The Offbits Give New Life to Old Bits

Reading Time: 3 minutes
Offbits
Meet the Offbits!

I remember my dad always kept lots of jars of spare parts in the garage–screws, wingnuts, nails, bolts, and so on. While my own collection isn’t as big, I do tend to hang onto spare screws and nuts and other bits, just in case. Well, here’s somebody who decided to take a bunch of spare parts and turn them into little robots.

Roy Barazani is the creator behind the Offbits, a line of open-source robots that encourages you to tinker. They’re little kits of brightly-colored bits that can be assembled into cute robots. Plus, there’s a little dystopian storyline behind them: the Offbits are the cast-offs of their neat and tidy robot society, rejected for pushing boundaries and testing limits.

Offbits parts
The Offbits kit comes with parts to make one robot. Photo: Jonathan H. Liu

I was sent one of the kits to try out, plus some extra parts for customizing. There are a few basic robots to choose from, but they have a similar assembly: a head, neck, legs, body, arms, feet, plus some bits to attach to the sides of the head. You can easily swap out different bits to mix and match, or add your own. There are also some other kits that include wheels so you can make little vehicles for the robots.

Offbits-infobit
The magnet inside the box turns it into a stand. Photo: Jonathan H. Liu

The kit comes in a small slider box, a little smaller than a deck of cards. You get a mini-screwdriver and instructions along with all the parts. There’s also a magnet with some double-stick tape so that you can stand the completed robot on the box when you’re done.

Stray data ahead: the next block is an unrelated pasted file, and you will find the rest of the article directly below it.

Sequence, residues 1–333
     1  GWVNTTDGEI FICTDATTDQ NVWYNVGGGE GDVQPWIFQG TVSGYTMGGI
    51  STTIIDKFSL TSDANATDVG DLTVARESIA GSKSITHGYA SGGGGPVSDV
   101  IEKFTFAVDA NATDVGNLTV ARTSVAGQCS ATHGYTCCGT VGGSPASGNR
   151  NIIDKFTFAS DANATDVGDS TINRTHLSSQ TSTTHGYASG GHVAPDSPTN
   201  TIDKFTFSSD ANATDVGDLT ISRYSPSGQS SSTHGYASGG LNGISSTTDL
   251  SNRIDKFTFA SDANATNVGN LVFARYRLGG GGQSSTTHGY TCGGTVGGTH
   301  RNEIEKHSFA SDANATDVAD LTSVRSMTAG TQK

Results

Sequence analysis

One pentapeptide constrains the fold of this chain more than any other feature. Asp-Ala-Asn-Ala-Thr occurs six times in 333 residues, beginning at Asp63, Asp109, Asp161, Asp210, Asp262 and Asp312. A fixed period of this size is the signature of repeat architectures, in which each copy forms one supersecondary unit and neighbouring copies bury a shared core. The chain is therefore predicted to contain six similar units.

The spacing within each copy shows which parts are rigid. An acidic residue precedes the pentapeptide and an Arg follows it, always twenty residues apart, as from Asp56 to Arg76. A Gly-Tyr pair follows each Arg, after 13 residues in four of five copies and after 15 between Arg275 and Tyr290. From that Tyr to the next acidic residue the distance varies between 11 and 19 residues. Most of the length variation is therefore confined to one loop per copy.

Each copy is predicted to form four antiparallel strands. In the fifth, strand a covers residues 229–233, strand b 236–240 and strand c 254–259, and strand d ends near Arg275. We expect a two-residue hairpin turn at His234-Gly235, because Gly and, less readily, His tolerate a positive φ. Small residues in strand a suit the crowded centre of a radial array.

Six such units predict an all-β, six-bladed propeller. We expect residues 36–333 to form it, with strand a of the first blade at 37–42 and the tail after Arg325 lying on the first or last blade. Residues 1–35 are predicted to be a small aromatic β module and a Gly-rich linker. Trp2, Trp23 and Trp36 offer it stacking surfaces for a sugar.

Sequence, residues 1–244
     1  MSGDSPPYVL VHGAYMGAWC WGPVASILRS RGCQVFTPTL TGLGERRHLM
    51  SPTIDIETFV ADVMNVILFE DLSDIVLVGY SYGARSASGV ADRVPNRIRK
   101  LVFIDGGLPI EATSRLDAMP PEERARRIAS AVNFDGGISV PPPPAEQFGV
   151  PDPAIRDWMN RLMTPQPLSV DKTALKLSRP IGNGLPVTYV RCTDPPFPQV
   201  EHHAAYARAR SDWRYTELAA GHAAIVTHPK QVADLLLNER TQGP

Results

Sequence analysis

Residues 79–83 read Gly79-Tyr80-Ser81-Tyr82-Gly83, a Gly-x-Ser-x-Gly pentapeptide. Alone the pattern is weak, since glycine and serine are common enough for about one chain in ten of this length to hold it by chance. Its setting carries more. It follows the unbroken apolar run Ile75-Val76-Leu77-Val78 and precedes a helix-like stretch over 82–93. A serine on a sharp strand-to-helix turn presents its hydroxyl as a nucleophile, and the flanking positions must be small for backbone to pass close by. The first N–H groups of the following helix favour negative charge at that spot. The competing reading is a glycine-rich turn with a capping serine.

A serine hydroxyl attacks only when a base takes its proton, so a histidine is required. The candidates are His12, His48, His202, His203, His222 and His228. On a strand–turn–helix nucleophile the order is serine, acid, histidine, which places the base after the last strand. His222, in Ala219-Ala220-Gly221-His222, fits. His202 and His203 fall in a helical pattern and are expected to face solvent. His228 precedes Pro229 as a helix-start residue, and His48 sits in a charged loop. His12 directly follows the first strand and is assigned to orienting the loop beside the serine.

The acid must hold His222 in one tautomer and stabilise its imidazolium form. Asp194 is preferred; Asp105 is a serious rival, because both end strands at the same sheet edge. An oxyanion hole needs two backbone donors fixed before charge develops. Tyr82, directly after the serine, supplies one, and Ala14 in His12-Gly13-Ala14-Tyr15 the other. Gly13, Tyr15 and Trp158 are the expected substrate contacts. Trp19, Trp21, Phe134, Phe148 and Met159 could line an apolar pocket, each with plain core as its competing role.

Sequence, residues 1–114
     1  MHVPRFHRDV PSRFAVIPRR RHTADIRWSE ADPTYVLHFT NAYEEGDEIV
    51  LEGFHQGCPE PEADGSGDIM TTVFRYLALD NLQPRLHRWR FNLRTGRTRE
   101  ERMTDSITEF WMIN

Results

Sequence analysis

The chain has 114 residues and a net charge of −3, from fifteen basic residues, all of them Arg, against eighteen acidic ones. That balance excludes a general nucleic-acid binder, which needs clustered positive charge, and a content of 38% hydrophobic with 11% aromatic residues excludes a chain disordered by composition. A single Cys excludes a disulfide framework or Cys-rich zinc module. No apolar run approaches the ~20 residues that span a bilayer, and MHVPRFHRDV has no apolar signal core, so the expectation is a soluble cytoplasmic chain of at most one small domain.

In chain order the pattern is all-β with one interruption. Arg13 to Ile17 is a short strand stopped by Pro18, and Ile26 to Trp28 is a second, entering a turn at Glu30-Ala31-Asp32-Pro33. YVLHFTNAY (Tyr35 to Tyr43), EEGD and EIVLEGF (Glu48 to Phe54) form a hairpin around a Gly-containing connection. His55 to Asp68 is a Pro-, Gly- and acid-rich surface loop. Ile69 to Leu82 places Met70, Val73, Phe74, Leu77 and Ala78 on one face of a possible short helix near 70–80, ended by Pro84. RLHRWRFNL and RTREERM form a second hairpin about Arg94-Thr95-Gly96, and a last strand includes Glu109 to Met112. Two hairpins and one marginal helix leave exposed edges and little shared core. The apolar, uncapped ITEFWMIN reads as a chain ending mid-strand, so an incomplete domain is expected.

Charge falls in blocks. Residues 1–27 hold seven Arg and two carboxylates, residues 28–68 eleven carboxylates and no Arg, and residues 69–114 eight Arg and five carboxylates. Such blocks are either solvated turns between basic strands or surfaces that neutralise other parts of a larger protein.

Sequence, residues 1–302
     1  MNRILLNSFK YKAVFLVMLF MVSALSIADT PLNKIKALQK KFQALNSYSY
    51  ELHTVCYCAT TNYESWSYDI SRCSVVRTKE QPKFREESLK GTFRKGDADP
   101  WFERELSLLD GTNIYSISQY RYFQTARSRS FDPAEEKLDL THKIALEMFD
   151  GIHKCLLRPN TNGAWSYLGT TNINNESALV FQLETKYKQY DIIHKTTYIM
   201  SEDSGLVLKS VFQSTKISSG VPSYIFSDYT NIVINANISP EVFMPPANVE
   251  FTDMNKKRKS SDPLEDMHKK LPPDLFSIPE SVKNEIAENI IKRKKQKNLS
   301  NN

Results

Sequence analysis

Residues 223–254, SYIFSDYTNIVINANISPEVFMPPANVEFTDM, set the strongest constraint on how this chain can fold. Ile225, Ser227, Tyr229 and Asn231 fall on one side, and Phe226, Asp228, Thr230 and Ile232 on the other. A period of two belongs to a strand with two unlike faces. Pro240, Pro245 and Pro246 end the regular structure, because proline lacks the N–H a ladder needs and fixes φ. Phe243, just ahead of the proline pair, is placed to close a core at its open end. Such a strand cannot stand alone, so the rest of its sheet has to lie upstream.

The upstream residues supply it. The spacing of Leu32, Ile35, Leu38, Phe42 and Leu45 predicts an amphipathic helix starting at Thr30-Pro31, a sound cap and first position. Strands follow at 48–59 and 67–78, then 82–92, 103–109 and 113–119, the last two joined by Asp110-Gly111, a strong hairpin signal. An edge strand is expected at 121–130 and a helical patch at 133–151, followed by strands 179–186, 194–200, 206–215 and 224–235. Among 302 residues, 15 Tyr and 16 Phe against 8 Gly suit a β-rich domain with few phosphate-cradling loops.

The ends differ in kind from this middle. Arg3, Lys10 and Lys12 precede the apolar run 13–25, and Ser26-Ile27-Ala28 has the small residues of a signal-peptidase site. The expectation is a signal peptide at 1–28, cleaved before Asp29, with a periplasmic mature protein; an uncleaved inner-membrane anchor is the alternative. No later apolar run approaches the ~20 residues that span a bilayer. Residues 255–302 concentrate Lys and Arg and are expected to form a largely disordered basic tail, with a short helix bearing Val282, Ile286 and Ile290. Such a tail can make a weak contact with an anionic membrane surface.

My kids had fun disassembling and reassembling the robot using the extra parts I got, mixing and matching colors and the “horns” on the side of the head. I did note that some of the pieces, like the spring legs and the screws for the eyes, could be a little difficult to remove, but for the most part everything was pretty straightforward.

Offbits
Throw in extra bits or your own parts and you can make even more things. Photo: Jonathan H. Liu

The Offbits started with some kits for sale as a pilot series, and are now on Kickstarter to put more of the kits into production. There is a little irony, I suppose, in custom-manufactured “spare parts,” but the kits are intended as a starting point, and you’re highly encouraged to modify and add to them with your own spare parts. Of course, if you’ve got a lot of odds and ends around the house, you may be able to pull together some robots of your own with your kids, but an Offbits kit may be a fun way to jump start their imaginations, or provide a base that they can build from.

For more information, visit the Offbits Kickstarter page!

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